Why Microsoft's Yahoo bid makes sense
Google's power cannot and should not grow forever. These are the only two companies that can give the Net's colossus a run for its money.
(Fortune) -- With Google's stock already down considerably in recent weeks, the Web's next two most powerful players today struck a powerful blow for equality and influence in the increasingly-important Web ecosystem.
Microsoft controls a huge and multifaceted Web presence, and retains still-almost-unlimited financial resources. The combination of all that with Yahoo's superior Web brand and deeply entrenched position as a marketplace for display advertising and online media is probably the only one that can begin to match the Google machine.
Search remains the Web's best business. That's where the lion's share of ad dollars are spent, and Google controls more than 60% of it. Together, Microsoft and Yahoo will own almost 30%. If they can hold onto it that's enough to be a meaningful competitor. And since search is a game of scale, the two combining companies each acquire exponentially greater power than either could command on their own.
Like buyers and sellers of goods on eBay, both buyers and sellers of search ads want to do business where there is the largest number of counterparties. If there aren't a lot of sellers you don't want to buy ads from Microsoft, or anyone - except Google.
Both Microsoft and Yahoo have also been working to address this problem by acquiring impartial ad-marketplaces in the last year. Microsoft stunned the world by paying over $6 billion for aQuantive, signaling for the first time how serious it was not to be left behind by Google. Separately, Microsoft still exercises unparalleled influence on the devices that the people of the planet use to connect to the Web. Its monopoly on desktop software remains essentially unbroken despite inroads from Apple (AAPL, Fortune 500) and open source. And in the all-important area of mobile it has in the last year or so shown it finally is getting traction from handset makers worldwide, especially in the developing world and China.
As for Yahoo, it still hangs on to its bragging rights as the most-visited set of sites on the web, even though Google has been threatening in recent months to overtake it as its strength, particularly in developing markets, grows and grows. Finally, the financial resources of Microsoft could prove critical for keeping Yahoo's businesses viable in the face of the Google onslaught. Very few companies can afford the billions in investment - especially in data centers and infrastructure - that will be required going forward to compete globally in search, advertising placement, and mobile content delivery. Yahoo (YHOO, Fortune 500) alone simply didn't have the cash. Microsoft (MSFT, Fortune 500) does.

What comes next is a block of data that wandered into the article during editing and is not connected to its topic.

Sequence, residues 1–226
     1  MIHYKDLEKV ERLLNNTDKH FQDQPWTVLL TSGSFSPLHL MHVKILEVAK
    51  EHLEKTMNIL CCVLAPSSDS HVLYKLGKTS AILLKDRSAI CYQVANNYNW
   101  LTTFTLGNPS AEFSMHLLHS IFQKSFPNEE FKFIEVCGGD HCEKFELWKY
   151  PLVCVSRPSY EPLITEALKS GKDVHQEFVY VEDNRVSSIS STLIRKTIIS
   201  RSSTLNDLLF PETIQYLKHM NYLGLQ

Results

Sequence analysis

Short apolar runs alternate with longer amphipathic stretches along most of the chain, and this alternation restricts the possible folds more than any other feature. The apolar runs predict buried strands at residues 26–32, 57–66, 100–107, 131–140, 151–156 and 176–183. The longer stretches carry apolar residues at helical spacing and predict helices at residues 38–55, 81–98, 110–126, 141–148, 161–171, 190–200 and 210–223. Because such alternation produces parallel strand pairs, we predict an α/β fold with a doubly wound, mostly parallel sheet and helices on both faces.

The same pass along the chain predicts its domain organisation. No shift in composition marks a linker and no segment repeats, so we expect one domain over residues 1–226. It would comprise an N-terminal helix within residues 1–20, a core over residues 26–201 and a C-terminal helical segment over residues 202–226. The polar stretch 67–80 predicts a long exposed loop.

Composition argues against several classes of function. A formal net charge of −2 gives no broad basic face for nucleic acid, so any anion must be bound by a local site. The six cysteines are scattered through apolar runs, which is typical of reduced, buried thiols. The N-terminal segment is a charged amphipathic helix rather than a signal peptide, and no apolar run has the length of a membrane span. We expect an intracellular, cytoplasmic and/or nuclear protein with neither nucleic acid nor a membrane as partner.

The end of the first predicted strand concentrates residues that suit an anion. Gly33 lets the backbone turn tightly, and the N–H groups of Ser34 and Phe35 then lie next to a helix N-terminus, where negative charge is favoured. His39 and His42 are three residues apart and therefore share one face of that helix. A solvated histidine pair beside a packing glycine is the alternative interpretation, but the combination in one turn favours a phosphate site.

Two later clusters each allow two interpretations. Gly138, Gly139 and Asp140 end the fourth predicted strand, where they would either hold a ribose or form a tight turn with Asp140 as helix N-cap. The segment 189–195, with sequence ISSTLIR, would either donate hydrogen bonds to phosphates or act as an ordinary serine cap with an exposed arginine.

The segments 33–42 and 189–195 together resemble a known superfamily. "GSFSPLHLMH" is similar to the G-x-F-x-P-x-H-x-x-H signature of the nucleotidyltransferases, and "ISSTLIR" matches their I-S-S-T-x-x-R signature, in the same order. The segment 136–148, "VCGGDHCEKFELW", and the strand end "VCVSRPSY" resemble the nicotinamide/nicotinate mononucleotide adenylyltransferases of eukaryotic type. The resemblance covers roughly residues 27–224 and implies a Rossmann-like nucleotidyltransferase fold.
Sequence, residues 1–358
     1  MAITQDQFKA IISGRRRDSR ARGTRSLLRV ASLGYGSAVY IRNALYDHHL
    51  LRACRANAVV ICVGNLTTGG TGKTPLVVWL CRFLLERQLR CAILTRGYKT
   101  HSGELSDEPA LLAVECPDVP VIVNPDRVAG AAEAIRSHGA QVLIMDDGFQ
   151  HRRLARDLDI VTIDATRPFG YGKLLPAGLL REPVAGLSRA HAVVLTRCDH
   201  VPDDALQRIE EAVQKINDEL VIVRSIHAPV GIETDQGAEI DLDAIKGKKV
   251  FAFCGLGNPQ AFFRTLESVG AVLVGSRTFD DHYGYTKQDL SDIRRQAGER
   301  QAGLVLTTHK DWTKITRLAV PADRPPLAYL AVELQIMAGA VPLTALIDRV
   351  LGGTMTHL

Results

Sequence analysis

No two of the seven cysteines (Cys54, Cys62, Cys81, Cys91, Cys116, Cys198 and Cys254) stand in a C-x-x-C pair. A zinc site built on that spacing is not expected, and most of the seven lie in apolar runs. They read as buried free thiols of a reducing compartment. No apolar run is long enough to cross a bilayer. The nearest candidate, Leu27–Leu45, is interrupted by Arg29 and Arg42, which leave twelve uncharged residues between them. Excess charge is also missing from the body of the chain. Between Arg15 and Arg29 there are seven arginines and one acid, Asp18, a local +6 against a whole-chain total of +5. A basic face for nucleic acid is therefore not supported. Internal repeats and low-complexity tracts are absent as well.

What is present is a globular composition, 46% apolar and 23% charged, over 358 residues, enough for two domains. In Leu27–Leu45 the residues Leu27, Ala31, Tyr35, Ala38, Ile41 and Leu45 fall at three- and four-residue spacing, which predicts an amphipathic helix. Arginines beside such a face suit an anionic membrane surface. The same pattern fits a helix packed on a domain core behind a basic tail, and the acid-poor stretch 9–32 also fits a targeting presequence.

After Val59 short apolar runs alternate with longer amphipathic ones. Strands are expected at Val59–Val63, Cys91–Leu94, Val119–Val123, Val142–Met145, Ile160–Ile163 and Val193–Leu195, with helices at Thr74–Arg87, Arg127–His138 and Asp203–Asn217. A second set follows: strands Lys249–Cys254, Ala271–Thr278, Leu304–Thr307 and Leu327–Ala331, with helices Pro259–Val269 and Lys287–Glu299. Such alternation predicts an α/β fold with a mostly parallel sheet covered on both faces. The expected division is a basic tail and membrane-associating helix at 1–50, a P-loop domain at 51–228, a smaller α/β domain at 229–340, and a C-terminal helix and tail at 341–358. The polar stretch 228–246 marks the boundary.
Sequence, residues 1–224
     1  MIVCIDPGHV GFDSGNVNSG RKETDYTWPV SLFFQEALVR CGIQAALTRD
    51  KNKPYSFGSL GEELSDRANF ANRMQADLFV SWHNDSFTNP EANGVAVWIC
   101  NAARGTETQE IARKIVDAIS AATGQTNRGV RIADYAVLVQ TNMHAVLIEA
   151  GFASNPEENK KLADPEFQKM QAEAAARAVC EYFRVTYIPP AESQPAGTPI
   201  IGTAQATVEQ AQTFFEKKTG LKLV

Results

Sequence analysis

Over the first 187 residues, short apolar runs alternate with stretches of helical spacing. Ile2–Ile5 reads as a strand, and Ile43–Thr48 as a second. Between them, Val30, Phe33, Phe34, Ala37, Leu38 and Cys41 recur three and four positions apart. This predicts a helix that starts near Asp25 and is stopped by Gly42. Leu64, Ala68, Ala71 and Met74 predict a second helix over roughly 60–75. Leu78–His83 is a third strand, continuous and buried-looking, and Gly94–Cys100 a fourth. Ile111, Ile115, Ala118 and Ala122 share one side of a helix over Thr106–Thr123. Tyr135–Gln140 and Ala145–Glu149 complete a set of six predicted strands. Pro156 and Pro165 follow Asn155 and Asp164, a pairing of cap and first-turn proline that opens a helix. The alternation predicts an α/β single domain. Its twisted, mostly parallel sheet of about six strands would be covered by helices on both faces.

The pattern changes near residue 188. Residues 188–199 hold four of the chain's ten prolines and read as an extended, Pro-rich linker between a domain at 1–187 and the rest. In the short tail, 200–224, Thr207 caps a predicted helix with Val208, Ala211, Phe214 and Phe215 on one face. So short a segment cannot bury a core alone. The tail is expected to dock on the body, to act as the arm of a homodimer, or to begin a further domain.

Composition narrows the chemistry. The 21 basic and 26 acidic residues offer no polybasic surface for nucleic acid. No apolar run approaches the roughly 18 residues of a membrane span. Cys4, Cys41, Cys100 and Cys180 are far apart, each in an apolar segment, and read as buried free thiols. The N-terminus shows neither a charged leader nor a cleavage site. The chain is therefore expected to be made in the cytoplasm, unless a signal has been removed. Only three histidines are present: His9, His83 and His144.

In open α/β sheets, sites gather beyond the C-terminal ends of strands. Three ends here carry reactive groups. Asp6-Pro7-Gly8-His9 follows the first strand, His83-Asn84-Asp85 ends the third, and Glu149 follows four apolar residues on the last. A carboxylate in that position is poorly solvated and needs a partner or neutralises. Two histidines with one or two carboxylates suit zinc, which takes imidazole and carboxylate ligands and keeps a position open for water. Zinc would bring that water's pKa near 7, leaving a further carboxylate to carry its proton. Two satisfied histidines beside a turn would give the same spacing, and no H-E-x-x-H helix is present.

As Imran Khan, analyst at J.P. Morgan Securities wrote in his note on the deal this morning, "A combination of Yahoo's relationships and Microsoft's applications and devices could create a very well-positioned competitor" for Google.
All media is slowly moving towards the Web, along with advertising. The complexities of targetting, delivering, formatting, and promoting that content grow ever greater with the move toward mobility and as television too gets pulled towards the Web. In the all-digital world we are entering, the distinctions between on-Web and off will increasingly disappear. So to command the marketplaces and platforms for digital content is, for both tech and media companies, the most important mandate.
Wonderful as Google (GOOG, Fortune 500) is, the world and the entire Internet and media industry needs for its power to be countered and, if possible, matched. Without genuine competition everybody loses. That's what drives innovation. Even Google may benefit because if its share of search and online traffic grew much larger regulators would almost certainly begin to find ways of restraining it.